What Apps are Dangerous?

Are apps dangerous? They are, in the same way a knife is dangerous. It depends how they are used.

The most obviously dangerous are social media apps. Our children are living in a virtual fishbowl, with their every action and reaction having the potential to be broadcast to, literally, the whole world. An educator in my town described the risk of social media, like Instagram and Snapchat in terms even the most digitally naive can understand. Would you let your child put a poster-sized picture of themselves in the school hallway, with a sharpie and a caption reading, “Please tell me what you think about me.” Adolescence is a confusing, tumultuous time. Kids want to make their mark and fit in at the same time. Imagine doing it all over again … this time in front of a camera.

All the platforms which allow the sharing of pictures can be misused and are potentially harmful. A child who posts a picture on Facebook or Instagram is subject to ridicule, occasionally anonymously. Many mothers have told me they are shocked by what they see posted by kids as young as 13. The public judgement can increase insecurity and social phobia. If popular opinion does not “Like” what a teen posts, self-image can suffer … sometimes terribly. These forums can be used as a form of bullying with photos, videos and comments purposely designed to embarrass and degrade.

Snapchat seems harmless enough. You send a picture. It disappears within ten seconds. So, kids have been known to send nude shots to each other … a kind of virtual flashing. This might not be something you want your kids engaged in, but thank goodness it disappears, right? Wrong. Remember you can take a screenshot of your phone. Suddenly, that quick little tease lives on in perpetuity. Uh oh.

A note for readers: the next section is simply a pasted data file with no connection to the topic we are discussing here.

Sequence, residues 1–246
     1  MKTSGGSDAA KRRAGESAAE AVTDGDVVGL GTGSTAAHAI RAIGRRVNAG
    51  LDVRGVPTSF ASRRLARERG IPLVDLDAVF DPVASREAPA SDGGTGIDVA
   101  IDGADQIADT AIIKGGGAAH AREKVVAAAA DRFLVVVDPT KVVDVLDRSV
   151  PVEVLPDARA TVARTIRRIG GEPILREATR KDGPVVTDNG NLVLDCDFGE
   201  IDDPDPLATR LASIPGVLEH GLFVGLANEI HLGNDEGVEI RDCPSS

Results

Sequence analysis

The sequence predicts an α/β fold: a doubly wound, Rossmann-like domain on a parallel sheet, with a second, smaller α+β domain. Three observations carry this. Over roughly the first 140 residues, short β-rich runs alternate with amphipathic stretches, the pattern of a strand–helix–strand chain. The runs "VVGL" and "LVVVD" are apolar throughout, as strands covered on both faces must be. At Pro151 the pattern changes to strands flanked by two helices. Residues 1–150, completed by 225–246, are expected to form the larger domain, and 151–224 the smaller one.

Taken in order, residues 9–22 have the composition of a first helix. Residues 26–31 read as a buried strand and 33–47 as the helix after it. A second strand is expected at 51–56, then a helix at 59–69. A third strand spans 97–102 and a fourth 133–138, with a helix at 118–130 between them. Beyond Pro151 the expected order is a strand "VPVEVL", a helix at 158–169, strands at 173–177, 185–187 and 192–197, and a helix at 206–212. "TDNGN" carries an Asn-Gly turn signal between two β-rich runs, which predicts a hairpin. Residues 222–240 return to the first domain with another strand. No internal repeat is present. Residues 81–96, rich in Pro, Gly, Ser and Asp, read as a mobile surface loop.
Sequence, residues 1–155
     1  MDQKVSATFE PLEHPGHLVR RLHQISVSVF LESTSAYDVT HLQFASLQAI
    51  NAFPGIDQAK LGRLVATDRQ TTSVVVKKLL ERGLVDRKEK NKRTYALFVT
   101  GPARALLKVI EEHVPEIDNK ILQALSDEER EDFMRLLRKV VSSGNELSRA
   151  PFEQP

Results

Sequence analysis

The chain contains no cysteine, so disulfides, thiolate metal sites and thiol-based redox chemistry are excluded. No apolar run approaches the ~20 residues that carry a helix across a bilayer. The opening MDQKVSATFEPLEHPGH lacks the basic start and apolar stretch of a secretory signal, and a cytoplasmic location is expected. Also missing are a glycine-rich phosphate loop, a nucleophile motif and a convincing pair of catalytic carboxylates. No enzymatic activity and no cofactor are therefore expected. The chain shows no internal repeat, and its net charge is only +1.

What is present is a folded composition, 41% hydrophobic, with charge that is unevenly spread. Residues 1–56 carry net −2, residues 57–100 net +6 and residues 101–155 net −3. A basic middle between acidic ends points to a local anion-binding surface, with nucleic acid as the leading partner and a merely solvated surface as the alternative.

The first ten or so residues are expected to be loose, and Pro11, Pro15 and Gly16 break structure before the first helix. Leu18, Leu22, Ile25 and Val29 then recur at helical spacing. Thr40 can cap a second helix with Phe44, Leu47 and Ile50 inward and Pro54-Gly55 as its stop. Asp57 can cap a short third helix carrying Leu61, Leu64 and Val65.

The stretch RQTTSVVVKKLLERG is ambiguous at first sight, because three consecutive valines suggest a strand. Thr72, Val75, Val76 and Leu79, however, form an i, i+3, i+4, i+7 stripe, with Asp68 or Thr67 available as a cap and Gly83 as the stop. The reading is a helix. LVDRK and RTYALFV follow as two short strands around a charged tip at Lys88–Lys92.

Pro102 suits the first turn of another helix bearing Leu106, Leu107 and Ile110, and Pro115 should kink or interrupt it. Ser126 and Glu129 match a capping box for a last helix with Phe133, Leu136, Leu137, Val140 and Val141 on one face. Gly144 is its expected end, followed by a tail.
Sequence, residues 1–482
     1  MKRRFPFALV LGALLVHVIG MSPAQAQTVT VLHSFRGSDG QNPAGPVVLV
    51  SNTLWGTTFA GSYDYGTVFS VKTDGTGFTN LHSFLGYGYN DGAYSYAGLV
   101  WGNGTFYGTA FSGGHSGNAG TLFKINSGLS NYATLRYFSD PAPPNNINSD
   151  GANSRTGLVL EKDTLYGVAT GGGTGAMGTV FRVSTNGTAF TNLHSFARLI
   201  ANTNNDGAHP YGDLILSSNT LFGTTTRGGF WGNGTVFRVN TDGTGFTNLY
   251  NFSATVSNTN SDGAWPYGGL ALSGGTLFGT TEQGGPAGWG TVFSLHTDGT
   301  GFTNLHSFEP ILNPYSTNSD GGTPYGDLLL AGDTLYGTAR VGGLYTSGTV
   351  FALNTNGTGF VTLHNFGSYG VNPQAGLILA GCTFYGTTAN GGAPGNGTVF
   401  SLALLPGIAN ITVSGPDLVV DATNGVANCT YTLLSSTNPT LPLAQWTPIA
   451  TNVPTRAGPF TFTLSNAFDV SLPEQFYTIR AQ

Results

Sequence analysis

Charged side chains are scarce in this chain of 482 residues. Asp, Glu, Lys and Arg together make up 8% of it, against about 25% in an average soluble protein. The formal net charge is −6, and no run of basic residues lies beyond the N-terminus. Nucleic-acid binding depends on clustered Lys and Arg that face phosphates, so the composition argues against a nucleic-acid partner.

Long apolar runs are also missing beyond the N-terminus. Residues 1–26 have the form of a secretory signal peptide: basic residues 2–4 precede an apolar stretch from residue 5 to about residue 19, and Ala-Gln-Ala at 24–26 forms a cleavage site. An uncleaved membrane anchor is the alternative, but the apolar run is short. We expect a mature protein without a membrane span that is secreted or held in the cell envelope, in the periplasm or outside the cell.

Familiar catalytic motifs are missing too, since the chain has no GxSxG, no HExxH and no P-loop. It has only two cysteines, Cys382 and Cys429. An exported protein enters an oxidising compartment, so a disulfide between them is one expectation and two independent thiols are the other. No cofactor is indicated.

What about younger kids? There are apps that are fun, educational and silly. It’s like TV on your phone. You can use them to entertain a little one in a restaurant or in the car. But, how much is too much? Watch for signs your child is becoming addicted to the stimulation. Put limits on any time young children spend in front of the screen. (She writes while her three year olds are glued to Go, Diego, Go.) Child development experts warn too much screen time stunts brain development, causes social problems and results in too much passive learning.

Like everything in life, moderation is key. Before you let them hit the download button, make sure you understand what they are inviting into their world. Kids will always have a tendency to misuse what you put in front of them. Know the features of the apps they have access to, and then try to think like a hormone raging, pubescent kid.

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Author: Karen Latimer

Karen is a Family Doctor, mom of five and founder of Tips From Town.

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